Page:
Grandmasters Stukopin and Belous Storm the Midwest

7/1/2017 – Russian Grandmasters Andrey Stukopin and Vladimir Belous won the 1st Wisconsin International Chess Festival, topping a 64-player field with a convincing 7.5/9. Both University of Texas at Brownsville students took the event by storm, going undefeated in nine games and living up to their expectation as the top two seeds. Report and analysis by GM Joshua Friedel.

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Grandmasters Stukopin and Belous Storm the Midwest

by GM Josh Friedel

The festival took place at the Howard Johnson Plaza Hotel in Madison, Wisconsin.  The centrally located state capital is a multicultural city home to UW Madison, one of the top public universities in the country.  It’s also well known for its lakes, parks, and excellent food, making it an ideal place to visit for a tournament.  It’s located within driving distance of Chicago and much of the Midwest, with some players even making the trek up from St. Louis.  One player had trouble finding the event only because they confused the Wisconsin Chess Festival with the Wisconsin Cheese Festival.  In their defense, I should point out, however, that Wisconsin is famous for its cheese production, so this mistake is actually quite understandable.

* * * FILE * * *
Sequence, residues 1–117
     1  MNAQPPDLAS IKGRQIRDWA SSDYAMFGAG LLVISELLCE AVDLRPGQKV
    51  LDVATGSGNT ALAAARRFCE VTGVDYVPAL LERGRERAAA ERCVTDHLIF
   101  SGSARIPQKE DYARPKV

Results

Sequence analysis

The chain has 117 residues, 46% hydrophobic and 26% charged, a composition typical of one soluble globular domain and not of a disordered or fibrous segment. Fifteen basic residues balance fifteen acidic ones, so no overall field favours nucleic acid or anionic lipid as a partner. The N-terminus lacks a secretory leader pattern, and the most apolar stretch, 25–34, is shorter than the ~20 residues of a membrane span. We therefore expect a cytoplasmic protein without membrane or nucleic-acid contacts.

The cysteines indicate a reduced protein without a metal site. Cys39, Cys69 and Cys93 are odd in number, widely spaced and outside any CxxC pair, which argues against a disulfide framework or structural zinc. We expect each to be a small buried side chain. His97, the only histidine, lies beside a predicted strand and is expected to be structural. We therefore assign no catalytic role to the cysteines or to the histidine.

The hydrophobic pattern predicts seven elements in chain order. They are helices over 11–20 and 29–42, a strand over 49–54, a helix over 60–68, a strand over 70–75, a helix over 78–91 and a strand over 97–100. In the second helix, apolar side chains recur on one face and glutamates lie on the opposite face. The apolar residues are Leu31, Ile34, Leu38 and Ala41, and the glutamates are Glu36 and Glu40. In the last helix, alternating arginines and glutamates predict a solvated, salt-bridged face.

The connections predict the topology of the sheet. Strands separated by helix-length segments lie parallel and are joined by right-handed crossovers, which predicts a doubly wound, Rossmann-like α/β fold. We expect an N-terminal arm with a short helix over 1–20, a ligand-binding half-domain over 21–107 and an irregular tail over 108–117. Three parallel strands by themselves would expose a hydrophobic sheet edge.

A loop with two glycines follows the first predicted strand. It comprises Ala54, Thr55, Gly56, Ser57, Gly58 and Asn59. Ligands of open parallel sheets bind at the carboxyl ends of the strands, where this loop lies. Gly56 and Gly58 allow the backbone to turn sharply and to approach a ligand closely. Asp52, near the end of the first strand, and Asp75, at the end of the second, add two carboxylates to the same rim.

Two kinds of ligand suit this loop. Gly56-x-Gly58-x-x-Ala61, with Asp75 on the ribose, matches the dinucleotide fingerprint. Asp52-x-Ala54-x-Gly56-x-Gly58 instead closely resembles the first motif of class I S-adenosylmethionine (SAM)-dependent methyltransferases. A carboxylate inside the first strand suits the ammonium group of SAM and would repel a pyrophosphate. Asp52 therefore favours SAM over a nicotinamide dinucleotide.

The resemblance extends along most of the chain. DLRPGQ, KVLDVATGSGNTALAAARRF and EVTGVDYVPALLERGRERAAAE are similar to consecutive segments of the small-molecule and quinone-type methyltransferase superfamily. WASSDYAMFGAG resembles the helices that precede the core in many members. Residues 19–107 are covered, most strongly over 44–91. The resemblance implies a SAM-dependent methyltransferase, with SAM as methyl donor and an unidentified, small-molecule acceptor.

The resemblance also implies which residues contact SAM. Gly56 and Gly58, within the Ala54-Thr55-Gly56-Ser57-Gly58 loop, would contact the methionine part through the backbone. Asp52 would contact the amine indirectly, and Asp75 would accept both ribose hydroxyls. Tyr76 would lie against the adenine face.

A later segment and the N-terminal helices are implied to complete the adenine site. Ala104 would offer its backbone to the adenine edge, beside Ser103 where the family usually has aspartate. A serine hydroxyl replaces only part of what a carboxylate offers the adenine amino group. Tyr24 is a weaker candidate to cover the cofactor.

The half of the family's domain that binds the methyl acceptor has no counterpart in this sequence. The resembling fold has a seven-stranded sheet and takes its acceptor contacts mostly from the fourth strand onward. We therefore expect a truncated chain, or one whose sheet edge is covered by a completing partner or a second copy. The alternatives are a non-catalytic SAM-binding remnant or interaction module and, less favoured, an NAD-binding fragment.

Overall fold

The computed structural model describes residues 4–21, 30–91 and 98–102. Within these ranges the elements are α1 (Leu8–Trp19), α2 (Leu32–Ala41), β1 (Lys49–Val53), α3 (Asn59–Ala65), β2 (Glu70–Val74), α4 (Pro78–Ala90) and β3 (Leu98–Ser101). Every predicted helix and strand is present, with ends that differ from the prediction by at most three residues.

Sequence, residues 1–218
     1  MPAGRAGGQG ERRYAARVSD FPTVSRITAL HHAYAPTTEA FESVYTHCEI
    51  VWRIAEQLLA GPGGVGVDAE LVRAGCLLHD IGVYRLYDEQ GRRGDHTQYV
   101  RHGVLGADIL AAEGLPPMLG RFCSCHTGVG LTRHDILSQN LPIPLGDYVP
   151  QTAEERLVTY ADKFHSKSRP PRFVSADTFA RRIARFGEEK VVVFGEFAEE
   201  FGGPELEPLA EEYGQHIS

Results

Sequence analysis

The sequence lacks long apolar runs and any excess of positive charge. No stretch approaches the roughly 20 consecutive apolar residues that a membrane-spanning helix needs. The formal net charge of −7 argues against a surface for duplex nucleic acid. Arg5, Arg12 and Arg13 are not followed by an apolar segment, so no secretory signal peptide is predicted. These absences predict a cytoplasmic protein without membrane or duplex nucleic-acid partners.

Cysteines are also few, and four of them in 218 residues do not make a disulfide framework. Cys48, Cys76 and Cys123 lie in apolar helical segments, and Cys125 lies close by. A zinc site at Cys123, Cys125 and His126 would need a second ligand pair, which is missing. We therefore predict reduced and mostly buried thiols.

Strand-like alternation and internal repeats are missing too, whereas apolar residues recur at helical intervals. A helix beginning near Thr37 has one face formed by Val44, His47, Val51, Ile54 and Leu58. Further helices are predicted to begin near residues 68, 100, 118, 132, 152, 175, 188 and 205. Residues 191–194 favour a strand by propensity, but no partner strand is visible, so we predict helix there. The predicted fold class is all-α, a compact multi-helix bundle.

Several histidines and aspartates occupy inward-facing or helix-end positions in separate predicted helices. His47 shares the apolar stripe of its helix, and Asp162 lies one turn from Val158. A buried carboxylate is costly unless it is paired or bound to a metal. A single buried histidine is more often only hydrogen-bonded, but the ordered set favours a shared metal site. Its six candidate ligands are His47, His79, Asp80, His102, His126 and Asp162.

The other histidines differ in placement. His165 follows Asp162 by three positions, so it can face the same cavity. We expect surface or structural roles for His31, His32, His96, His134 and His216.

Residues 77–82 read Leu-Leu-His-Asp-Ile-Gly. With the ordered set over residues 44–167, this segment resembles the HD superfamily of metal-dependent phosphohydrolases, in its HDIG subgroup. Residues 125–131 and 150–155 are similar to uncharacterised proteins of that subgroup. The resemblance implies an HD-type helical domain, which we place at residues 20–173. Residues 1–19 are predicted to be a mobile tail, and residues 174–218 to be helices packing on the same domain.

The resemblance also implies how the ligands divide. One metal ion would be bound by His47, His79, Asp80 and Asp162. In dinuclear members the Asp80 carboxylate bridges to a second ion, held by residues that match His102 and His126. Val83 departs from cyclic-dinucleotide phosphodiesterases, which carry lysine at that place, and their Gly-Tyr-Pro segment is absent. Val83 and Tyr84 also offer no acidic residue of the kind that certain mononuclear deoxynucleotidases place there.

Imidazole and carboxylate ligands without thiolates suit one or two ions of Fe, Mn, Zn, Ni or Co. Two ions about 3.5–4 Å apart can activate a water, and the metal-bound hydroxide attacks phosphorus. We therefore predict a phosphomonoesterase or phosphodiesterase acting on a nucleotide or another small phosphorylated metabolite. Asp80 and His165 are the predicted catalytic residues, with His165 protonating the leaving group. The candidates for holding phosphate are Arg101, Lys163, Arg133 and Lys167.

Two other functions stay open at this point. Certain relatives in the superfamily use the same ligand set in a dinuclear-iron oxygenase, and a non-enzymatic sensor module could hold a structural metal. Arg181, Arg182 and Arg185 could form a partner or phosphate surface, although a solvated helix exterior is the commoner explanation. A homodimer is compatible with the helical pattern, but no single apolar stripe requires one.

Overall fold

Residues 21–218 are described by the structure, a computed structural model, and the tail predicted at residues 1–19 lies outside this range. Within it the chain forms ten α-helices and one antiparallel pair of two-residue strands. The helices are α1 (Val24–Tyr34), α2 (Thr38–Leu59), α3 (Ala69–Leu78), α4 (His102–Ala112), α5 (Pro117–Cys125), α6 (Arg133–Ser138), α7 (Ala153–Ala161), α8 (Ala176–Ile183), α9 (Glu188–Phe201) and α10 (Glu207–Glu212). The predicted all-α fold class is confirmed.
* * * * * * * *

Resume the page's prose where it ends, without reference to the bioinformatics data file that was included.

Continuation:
TDs Jim Hodina and Glenn Panner with Organizer Alex Betaneli

The tournament was run by FM and experienced organizer Alex Betaneli.  Alex is extremely detail-oriented, which is a very valuable quality in an organizer, and thus every aspect of the event was handled with precision and care.  There was coffee and snacks provided with each round, padding on doors to minimize noise, boxes for cell phones during the games to avoid penalties, as well as many other things I’m probably not even aware of.  The result was a smoothly-run event with little to no hiccups.  The tournament directors were also quite experienced and skilled.  TDs Glenn Panner and Jim Hodina handled the floor superbly and made sure none of the players got too out of line.  There were some nice tournament extras as well.  Some were the more usual sort, like a blitz tournament, while others were less typical, like a concert with Russian folk songs sung in English.  It should be mentioned that most hotels probably wouldn’t allow this, and it was appreciated that this one did.  Those blitz tourneys really get out of hand.

As mentioned, Stukopin and Belous won in convincing fashion.  Here are a couple of their crucial victories.

Aman Hambleton - Andrey Stukopin (annotated by GM Josh Friedel)